• Use Arrays in HTML Form Variables

    Nov 3 2008

    When you're dealing with processing forms, a lot of the time you have a one-to-one mapping of form fields and database columns, with perhaps an extra submit button or some fields that need special processing (eg. passwords).

    Although many frameworks like CodeIgniter make this easier, you can still easily come up with code like this:

    $this->db->insert('accounts', array(
        'first_name' => $this->input->post('first_name'),
        'last_name' => $this->input->post('last_name'),
        'email' => $this->input->post('email'),
        'address1' => $this->input->post('address1'),
        'address2' => $this->input->post('address2'),
        'city' => $this->input->post('city'),
        'state' => $this->input->post('state'),
        'zip' => $this->input->post('zip'),
        'phone' => $this->input->post('phone'),
        'fax' => $this->input->post('fax')
    ));
    

    See all that repetition? Whenever you see a group of lines that look almost the same, you know there is probably an opportunity to clean things up. Well luckily, there's a really neat one.

    You can create arrays in form fields using square brackets. That means you can name fields like account[first_name] and account[last_name] and in most server-side languages, you will end up with an 'account' array.

    In HTML, PHP and CodeIgniter, that might look something like this:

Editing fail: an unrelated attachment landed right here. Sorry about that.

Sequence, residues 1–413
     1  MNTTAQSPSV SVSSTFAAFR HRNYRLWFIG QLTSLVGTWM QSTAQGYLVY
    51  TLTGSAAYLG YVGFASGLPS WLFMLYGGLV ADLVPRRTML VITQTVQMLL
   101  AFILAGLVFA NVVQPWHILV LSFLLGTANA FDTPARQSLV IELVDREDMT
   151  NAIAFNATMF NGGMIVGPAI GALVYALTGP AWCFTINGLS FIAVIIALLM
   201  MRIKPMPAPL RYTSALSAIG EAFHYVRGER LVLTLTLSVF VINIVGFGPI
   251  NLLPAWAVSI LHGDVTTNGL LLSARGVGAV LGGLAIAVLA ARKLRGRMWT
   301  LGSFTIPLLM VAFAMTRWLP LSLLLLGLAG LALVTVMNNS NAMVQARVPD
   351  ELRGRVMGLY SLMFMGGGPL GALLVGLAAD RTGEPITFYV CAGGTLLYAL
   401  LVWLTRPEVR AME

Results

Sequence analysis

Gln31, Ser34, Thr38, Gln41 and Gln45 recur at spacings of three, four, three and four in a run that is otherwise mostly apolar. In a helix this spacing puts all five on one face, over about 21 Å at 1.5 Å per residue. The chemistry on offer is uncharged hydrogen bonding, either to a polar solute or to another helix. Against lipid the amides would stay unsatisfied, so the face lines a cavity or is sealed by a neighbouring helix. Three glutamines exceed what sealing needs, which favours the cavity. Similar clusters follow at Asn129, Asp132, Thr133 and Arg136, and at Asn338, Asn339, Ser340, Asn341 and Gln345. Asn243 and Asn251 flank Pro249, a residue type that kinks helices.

<input type="text" name="account[first_name]"/>
    <input type="text" name="account[last_name]"/>
    <!-- etc... -->
    <input type="text" name="account[fax]"/>
    <input type="submit" name="submit"/> <!-- note the lack of 'account' -->
    
    // meanwhile, on the server...
    $account = $this->input->post('account');
    
    // VERY IMPORTANT: unset any fields that shouldn't be edited
    unset($account['id']);
    
    $this->db->insert('accounts', $account);
    

    See? Much cleaner. Yes, you do open a slight security hole potential, so be very careful when doing this on tables that have security implications, ie. user data. If you have an 'admin' column on your 'users' table, someone could maliciously add <input type="hidden" name="users[admin]" value="1"/> to your form using Firebug and grant themselves administration access. You can solve this by adding something like unset($user['admin']); to the incoming data. If you wanted to be really safe, you could have an array of the keys you want to allow and filter against that using something like PHP's array_intersect_key with array_flip:

    $user = $this->input->post('user');
    
    // only allow keys in $user to match the values in $columns
    $columns = array('first_name', 'last_name', /* etc.. */ );
    $user = array_intersect_key($user, array_flip($columns)));
    

    You can even do this with checkboxes and multiple select boxes, and alternatively leave out the key in the array to create a regular array (ie. not associative) of values:

    <label><input type="checkbox" name="choice[]" value="1"/> 1</label>
    <label><input type="checkbox" name="choice[]" value="2"/> 2</label>
    <!-- etc... -->
    
    // meanwhile, on the server...
    $choice = $this->input->post('choice');
    
    print_r($choice); // Array ( [0] => 1 [1] => 2 )
    

    This "trick" can really clean your code up. I used it recently to drastically simplify a form that had a shipping address and billing address. If the user checked a box saying "My shipping and billing are the same", I was able to simply do something like this:

    $shipping = $_POST['shipping'];
    $shipping_billing_same = $_POST['shipping_billing_same'];
    
    if ($shipping_billing_same) {
        $billing = $shipping;
    } else {
        $billing = $_POST['billing'];
    }
    

    Much nicer than that 24 form fields that were hard-coded previously.

    I've given examples here in PHP and CodeIgniter. Does anyone else want to give examples in other server-side languages and frameworks?